Glad to heard HGST is still good. I have a 3TB drive I'm quite happy with. I actually bought it when I read an older article of theirs where they were recommending them.

The 7200.11 seagate firmware was primarily on the 500 and 750gb models made about 3-4 years ago. The shop I used to work at ended up RMA'ing approximately 150 out of 165 Seagate 7200.11 drives that we sold. It was brutal. Not a shock that Seagate sucks.

Agreed
Dec 30, 2003

The price of meat has just gone up, and your old lady has just gone down


I've got a Seagate 5900 RPM "green" 2TB that has been going strong since mid 2011 and shows no signs of errors or fault, which is an excellent counter as my sample size is n=1 and further, I

TWBalls
Apr 16, 2003
My medication never lies

They used to be my favorite brand, as I've had (and *knock on wood* continue to have) very few failures with them. We did have an issue a year or two ago with the Momentus Thins where, if the system was left on for ~10ish days, everything would slow to a crawl (30+ minutes to reboot. Didn't clear until the system was powered off. Then you had ~10 days again before it would come up). Here again, bad firmware.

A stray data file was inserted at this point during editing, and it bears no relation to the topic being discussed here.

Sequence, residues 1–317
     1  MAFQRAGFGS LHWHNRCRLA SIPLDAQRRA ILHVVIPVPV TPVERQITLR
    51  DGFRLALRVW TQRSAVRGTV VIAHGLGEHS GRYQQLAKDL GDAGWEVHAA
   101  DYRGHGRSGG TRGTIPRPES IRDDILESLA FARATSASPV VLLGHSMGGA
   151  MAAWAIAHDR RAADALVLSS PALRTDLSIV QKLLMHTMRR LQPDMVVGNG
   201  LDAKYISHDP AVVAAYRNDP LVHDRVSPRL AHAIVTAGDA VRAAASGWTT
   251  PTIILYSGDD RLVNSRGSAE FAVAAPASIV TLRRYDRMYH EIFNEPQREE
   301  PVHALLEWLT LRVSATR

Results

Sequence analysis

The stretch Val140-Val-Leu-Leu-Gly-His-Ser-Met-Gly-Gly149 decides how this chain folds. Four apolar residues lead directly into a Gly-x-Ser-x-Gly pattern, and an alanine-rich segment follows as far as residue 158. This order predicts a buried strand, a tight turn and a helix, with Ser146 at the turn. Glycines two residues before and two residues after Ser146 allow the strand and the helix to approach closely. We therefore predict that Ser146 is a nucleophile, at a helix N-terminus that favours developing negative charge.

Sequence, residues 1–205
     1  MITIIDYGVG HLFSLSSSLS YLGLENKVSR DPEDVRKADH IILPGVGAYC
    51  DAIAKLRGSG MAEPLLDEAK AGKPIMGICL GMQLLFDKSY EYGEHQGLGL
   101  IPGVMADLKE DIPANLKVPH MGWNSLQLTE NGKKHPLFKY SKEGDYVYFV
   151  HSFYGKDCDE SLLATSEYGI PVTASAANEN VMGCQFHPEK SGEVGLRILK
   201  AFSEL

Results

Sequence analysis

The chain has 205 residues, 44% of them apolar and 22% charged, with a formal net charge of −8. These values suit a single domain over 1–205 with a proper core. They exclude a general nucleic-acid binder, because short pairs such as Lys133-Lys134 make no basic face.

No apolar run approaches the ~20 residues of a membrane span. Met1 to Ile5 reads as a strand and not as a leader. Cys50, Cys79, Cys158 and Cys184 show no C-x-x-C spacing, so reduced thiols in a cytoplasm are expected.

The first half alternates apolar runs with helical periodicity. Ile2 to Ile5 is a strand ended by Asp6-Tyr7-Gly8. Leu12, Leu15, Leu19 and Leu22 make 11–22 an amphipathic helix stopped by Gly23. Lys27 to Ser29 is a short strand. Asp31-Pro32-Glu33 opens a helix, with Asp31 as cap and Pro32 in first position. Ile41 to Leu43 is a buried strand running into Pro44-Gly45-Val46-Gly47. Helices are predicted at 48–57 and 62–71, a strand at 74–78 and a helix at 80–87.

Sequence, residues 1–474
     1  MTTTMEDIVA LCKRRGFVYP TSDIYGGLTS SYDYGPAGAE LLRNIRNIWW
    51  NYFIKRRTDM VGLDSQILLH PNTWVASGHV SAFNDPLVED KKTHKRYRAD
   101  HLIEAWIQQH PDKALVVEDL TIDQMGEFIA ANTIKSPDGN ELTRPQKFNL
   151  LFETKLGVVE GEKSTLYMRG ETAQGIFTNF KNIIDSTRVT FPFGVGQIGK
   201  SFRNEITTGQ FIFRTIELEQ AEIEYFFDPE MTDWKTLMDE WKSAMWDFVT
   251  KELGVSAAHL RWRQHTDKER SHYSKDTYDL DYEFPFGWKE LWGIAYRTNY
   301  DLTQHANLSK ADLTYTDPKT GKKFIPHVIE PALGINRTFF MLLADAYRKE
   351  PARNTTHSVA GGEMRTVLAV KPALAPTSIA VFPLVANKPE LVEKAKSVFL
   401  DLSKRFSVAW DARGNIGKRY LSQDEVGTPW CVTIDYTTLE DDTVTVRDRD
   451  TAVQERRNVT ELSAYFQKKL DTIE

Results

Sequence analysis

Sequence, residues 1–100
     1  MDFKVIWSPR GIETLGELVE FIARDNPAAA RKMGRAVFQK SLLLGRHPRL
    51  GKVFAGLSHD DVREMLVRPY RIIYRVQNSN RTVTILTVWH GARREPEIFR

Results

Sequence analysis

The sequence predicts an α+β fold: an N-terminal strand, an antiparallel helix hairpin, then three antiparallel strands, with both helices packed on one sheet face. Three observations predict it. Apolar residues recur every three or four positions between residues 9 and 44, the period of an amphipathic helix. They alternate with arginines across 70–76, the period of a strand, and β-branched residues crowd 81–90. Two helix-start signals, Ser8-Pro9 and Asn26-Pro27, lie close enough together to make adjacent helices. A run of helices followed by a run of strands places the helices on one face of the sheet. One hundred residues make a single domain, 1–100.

I think I may stick with HGST for now.

GrizzlyCow
May 30, 2011


There are only Seagate, Toshiba, and Western Digital in the game now. You have to pick among them.

TWBalls
Apr 16, 2003
My medication never lies

GrizzlyCow posted:

There are only Seagate, Toshiba, and Western Digital in the game now. You have to pick among them.

Yep. Samsung are made by Seagate, HGST is owned by WD and Fujitsu sold their HDD division to Toshiba. Sad.

Agreed
Dec 30, 2003

The price of meat has just gone up, and your old lady has just gone down


When I finally get around to turning this box of parts into a computer, I'm getting WD Reds in at least 3TB capacity. Probably three of them. I've stayed away out of just not really understanding what the deal is with them but reliability seems great. I've used Caviar Black drives for years, some of my favorite drives ever were the 650ish GB WD Caviar Blacks from 2008. Things are still running without errors in a machine I have. Of course, I don't trust them, but, you know, they work fine, and for the time they were really fast. Single platter if I recall correctly.

HalloKitty
Sep 30, 2005

Adjust the bass and let the Alpine blast


TWBalls posted:

HGST is owned by WD

But, because of anti-monopoly legislation, some HGST drives are also made for Toshiba. You have to check individual models.